May 15, 2012
Mike: Erica was at work so I went to see this by myself. I remember first reading about this film a while back and thinking 'huh?' Keanu Reeves and the shift from film to digital - an odd match, and who knew that Reeves had any interest in it, to the point of making a documentary about it? I thought it was a joke. But perhaps due to his involvement, the documentary collects an impressive roster of subjects - Scorsese, Lucas, Lynch, the Wachowskis, etc. The only other guys I would have liked to have heard from were maybe Eastwood, and Spielberg, although he's made little secret of his attachment to shooting on film being mostly sentimental.
Through these fascinating interviews, Side By Side successfully tackles a very broad subject, documenting the convergence and shift of two worlds. There's a over a hundred years of history and a lot of technology and chemistry to deal with that could have filled hours, but Side By Side manages to pack it all in while avoiding a sense of information overload. And at the same time, I didn't feel like I was getting a 'Film for Dummies'-type general overview or sampling - it's expertly assembled and should prove absorbing to both film gurus and casual enthusiasts.
As an interviewer, Reeves is surprisingly skillful. I say 'surprisingly' because I think we've all bought a little bit into the cartoonish impression we've gotten of him over the years and his spacey presence. We all knew he was somewhat of a spiritual guy, but seeing him as a serious, focused, insightful interviewer reveals a new side. Reeves doesn't just ask the questions - he creates a conversation and isn't afraid to contest the viewpoints of some of these giants of the industry.
While I have nothing but praise for Keanu Reeves the interviewer, he's not the most engaging narrator. There are a handful of short, necessary segments where Reeves explains the technology, and while they're succinct and easy to follow with accompanying diagrams and animations, it feels like you're listening to Reeves reading from a book. I know, someone explaining how cameras work and pointing out the different parts maybe isn't something that can be livened up by an enthusiastic narrator, but it's a little odd to hear Reeves go from energetic and engaging one minute to quiet and dry the next seems a bit uneven. Nevertheless, the narrated portions are quick and serve their purpose well.
For most of the interviews, Reeves has a professional appearance. But for one or two he sits across from the director in a silly haircut. It's not necessarily a distraction, although the fact that I'm mentioning it here means that I took note of it. Reeves isn't someone who most people take seriously - no offense to him, but I think most Americans overall have a positive image of him but see him as a bit of a moron. This documentary is a stretch for him and while he does an amazing job here showing a different side and proving himself talented and capable, the hair kind of made me take a step back. Not because having a silly haircut is any indication of anything, but, he's sitting there, asking of us to take him seriously, and we do - we go along with it and when the documentary starts we see that he's a smart guy and not the doofy guy we thought he was... but then he shows up in a silly 'do. Of course, I don't think Reeves is on any kind of a journey to show people that he can be a smart guy. And to his credit, Reeves remains insightful and engaging throughout all the interviews, weird hair or not.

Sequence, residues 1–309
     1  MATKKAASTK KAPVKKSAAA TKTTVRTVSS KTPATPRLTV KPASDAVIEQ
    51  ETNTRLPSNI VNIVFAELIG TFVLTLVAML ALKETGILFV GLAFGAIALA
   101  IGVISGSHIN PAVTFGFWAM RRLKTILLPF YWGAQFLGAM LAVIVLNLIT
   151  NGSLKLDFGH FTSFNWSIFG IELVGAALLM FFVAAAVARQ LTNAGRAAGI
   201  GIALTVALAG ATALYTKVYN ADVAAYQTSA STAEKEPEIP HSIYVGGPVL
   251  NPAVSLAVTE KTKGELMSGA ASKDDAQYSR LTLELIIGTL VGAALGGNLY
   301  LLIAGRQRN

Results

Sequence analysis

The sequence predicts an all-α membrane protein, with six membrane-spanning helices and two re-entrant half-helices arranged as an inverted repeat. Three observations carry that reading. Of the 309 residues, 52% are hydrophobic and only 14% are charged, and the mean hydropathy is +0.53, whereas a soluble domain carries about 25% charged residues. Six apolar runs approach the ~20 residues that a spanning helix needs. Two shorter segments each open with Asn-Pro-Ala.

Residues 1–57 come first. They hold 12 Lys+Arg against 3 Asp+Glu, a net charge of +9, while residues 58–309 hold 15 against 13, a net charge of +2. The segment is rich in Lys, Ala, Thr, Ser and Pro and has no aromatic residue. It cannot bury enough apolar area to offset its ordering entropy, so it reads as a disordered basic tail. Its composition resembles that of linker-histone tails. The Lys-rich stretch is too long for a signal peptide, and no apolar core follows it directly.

Those are minute quibbles and I have nothing but raves for everything else in this film. I was particularly fascinated listening to older cinematographers discuss their views on digital filmmaking - and many cinematographers are featured here. I was surprised to see many of them embrace it, some reluctantly and others with genuine enthusiasm. Another highlight is The Dark Knight director Christopher Nolan, who provides the strongest, most passionate defense of shooting on film without resorting to the easier arguments (i.e. sentimentality, 'this is how we're used to doing it', etc.). Overall, Side By Side is an entertaining, informative and insightful doc loaded with captivating interviews. The topic of the shift from film to digital filmmaking and distribution might seem boring to some people, but the Side By Side filmmakers manage to put together a film that should appeal to a wide range, from the occasional filmgoer to the well-versed aficionado.